Two-channel Stereo sound can be provided by two Mono cables, or a single Stereo cable.

What differences, whether significant or not, are there between pairing each voltage lead with its own ground lead versus sharing a single ground lead between [an arbitrarily large number of] audio channels?

Below I include details of my thoughts that raised the question.

Mono cables each transmit one channel and each have two leads: voltage and ground. Using mono cables, the number of channels (N) can be increased arbitrarily by using a matching number of N Mono cables, for a total of 2N leads.

Each Stereo cable can by itself provide two audio channels with only three leads: voltage L, voltage R, and a single ground lead (shared between channels L and R), effectively providing the same throughput with one less lead than the Mono configuration, which makes me wonder what [functionally inconsequential] differences there are between 1 x Stereo quality vs 2 x Mono quality.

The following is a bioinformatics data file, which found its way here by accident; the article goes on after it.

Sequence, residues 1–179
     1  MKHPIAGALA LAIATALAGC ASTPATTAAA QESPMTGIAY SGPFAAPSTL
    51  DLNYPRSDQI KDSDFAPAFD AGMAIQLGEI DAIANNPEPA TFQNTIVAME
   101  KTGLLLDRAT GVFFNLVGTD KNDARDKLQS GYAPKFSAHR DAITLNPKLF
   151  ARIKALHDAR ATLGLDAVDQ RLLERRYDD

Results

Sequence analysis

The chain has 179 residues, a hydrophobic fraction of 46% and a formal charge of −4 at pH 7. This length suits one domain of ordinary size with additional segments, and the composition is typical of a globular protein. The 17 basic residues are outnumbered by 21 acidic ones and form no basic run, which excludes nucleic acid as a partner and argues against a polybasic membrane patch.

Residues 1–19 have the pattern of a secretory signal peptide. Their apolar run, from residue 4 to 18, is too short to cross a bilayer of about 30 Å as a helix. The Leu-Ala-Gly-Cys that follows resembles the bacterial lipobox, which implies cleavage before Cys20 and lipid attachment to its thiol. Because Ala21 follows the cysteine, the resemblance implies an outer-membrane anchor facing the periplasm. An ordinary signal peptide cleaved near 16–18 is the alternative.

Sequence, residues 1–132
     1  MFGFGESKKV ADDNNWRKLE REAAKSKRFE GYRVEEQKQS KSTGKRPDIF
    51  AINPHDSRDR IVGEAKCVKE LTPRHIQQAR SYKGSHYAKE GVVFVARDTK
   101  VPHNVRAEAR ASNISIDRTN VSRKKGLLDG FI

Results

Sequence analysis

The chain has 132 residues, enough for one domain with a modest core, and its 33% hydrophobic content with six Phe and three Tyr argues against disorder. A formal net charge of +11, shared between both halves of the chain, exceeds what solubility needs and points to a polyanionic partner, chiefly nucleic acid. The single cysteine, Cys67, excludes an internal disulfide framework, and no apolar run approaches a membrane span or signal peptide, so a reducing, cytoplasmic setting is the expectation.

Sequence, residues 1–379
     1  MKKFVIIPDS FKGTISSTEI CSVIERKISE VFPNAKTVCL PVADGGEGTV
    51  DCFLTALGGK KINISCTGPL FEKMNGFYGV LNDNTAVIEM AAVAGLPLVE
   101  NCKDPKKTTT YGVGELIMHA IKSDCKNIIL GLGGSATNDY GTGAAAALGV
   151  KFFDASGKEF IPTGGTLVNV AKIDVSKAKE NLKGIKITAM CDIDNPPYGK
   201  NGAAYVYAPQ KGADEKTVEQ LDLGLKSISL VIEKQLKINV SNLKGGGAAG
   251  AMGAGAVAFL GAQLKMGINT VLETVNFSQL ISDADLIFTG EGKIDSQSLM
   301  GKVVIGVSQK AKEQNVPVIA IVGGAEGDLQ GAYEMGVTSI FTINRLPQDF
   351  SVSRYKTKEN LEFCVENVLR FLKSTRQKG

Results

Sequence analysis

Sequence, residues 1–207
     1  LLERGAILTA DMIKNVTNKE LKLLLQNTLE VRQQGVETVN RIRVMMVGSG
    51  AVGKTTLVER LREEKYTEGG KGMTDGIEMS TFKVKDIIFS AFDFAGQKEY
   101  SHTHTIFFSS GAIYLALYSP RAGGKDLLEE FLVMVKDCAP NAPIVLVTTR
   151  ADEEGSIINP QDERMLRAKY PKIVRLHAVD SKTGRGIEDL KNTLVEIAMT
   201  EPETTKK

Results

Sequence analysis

Furthermore, 4-lead cables (such as stereo headphones + mic over a single bus) provide 3 channels using 4 leads: voltage L, voltage R, voltage M (mic), and one single ground lead shared by all three channels!

Assuming there is no quality loss when channels share a ground lead, then a Mono-only multi-channel configuration wastes half its leads save one (N-1).

  • Once you're inside the amp., isn't it all grounded to the chassis anyway? – Tim Dec 20 '14 at 8:16

There is no significant difference between two unbalanced mono connections and a single stereo connection. However, with two mono lines you have the option of making both balanced, which is usually a good idea for longer connections. With single-cable stereo, this is typically not possible because suitable 5-lead connectors aren't available (at least not widespread).

Your Answer

By clicking “Post Your Answer”, you agree to our terms of service, privacy policy and cookie policy

Not the answer you're looking for? Browse other questions tagged or ask your own question.